(Bloomberg) -- Teck Resources Ltd. received several proposals for deals involving its coal operations, as the Canadian miner works to draw up a new plan for splitting off the business while rejecting a bid from Glencore Plc.

Teck’s plans to exit coal and create a standalone base-metals company suffered a blow in April when it failed to win enough shareholder support for a complicated spinoff proposal. It maintains that separating from its coal assets will create the most value for shareholders, and is now under pressure to develop a plan more appealing than Glencore’s $23 billion offer for the entire company, especially with the prospect of a sweetened bid on the way.

The company said on Tuesday it has received a number of indications of interest related to its coal business, but didn’t give any details about the other parties or structure of potential deals. Separately, Chief Executive Officer Jonathan Price said that Canadian mining financier Pierre Lassonde “does not speak for Teck,” after he was quoted by local press suggesting the company may seek to avoid another shareholder vote with its revised plan. 

“Teck’s board will appropriately consider and evaluate any proposal that can unlock the tremendous potential of Teck’s premium businesses and portfolio of high-quality assets as part of our ongoing work to continue building a great mining business and realize value for shareholders,” said Teck chairperson Sheila Murray.

Teck shares rose as much as 2.7% and traded 1.7% higher at 11:43 a.m. in Toronto.

Bloomberg reported last week that Glencore was working on a higher offer for Teck as it seeks to draw the board and management to the negotiating table. Crucially, any successful takeover attempt would require the support of Teck’s founding family, the Keevils, who hold a veto on big decisions through Teck’s “supervoting” Class A shares.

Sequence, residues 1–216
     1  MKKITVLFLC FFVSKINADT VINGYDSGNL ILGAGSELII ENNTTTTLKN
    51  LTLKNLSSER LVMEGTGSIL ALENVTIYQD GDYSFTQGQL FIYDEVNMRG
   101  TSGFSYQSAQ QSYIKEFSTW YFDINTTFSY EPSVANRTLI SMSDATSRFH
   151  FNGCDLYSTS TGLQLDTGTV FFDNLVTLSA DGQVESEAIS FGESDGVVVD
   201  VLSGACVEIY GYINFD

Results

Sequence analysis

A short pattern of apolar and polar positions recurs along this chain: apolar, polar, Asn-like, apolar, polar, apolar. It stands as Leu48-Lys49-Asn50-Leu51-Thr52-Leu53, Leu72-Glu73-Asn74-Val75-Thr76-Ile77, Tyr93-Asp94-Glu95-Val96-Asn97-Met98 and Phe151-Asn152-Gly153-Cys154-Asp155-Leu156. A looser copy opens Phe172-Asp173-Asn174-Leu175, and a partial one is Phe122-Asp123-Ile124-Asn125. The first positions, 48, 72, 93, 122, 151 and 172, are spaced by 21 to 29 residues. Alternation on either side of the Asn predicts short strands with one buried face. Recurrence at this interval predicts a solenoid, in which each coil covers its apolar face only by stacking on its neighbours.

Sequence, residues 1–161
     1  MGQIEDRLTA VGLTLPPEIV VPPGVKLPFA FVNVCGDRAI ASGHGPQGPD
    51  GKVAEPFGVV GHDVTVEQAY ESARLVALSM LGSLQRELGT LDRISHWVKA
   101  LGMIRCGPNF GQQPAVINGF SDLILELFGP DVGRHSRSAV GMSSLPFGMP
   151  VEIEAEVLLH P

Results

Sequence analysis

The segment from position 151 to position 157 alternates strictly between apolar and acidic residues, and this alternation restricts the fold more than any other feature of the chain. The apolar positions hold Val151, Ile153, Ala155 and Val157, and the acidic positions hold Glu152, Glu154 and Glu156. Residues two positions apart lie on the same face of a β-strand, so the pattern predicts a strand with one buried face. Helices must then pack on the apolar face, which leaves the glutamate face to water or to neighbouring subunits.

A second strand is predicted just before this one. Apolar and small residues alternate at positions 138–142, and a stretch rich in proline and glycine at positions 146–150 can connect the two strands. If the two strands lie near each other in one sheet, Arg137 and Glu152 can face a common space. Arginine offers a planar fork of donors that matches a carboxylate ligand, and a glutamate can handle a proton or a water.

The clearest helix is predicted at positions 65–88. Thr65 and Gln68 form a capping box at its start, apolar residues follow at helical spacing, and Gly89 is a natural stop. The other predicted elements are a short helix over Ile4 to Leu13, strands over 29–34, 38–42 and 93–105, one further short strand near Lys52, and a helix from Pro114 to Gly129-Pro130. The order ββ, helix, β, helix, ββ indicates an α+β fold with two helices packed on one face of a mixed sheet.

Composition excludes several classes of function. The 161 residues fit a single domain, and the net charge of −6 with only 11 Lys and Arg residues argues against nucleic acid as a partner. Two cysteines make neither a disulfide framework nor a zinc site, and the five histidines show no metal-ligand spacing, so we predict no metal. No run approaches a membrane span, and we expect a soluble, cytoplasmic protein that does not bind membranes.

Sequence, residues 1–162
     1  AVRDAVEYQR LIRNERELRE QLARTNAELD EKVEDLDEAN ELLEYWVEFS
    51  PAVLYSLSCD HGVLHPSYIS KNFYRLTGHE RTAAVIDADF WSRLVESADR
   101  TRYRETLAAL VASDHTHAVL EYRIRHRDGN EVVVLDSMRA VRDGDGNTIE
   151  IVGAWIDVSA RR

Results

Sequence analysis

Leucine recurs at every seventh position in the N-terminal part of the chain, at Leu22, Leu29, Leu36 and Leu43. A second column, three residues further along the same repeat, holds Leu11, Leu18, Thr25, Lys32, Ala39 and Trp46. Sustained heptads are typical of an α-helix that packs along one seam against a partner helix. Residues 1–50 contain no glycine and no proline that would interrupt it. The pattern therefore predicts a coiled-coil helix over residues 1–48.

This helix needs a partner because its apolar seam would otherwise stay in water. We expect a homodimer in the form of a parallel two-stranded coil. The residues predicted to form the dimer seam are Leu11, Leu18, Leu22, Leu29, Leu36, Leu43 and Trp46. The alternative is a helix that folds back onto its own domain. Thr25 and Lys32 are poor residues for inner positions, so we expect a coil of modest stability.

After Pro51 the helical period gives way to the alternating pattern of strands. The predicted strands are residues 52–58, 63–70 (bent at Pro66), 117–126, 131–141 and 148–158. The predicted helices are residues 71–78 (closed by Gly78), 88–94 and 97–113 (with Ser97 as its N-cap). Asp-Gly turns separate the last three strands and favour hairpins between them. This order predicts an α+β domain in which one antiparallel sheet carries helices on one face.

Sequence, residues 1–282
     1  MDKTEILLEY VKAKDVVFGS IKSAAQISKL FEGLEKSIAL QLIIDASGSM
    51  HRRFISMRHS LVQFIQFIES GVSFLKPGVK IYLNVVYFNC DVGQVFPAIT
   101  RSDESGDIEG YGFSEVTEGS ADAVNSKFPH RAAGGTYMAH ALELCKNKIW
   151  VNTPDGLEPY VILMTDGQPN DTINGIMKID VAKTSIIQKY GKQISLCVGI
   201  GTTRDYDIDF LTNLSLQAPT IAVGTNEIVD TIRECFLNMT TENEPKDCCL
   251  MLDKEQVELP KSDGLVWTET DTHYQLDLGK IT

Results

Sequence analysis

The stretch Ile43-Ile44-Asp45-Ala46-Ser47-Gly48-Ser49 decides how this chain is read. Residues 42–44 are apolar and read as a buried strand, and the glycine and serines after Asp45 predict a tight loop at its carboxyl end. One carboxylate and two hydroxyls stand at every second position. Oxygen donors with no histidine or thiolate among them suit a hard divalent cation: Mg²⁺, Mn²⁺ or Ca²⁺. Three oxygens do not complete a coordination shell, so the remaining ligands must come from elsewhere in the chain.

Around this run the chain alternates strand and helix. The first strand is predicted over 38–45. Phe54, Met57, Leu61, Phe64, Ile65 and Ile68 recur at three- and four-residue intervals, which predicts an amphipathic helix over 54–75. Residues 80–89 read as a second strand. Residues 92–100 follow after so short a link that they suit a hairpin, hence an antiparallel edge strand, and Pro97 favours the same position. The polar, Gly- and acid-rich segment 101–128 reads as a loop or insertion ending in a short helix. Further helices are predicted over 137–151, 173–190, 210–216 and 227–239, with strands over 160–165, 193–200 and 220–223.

However, it was the regular Class B shareholders who scuppered Teck’s earlier spinoff, and could again be crucial if the company’s next proposal for its coal business also requires an investor vote. Bloomberg reported last week that Teck was struggling to secure an assurance of support from top shareholder China Investment Corp., which opposed the earlier plan and holds about 10% of the company.

One potential buyer for Teck’s coal business is financier Lassonde, who has been vocal about his interest in acquiring the assets with a consortium of investors. The Globe and Mail newspaper quoted Lassonde last week as saying Teck was leaning toward selling only a portion of its coal business, which could avoid the need for a shareholder vote.

However, Teck’s CEO said on Tuesday that Lassonde’s comments did not reflect the company’s plans. 

“With all due respect, Mr. Lassonde does not speak for Teck and does not have an informed view of our intentions for Teck’s steelmaking coal business,” Price said in a statement. “Whatever course of action our management and board choose to pursue will be guided by what’s in the best interest of shareholders and stakeholders.”

Part of Teck’s challenge is that the copper business has been depending on profits from coal in order to fund its growth plans. The earlier spinoff plan was criticized for the lack of a clean break, because the metals business would still have funded the coal company for several years after the split.

Teck is being advised by Barclays and Ardea Partners, while its special committee is being advised by BMO Capital Markets, Goldman Sachs and Origin Merchant Partners. 

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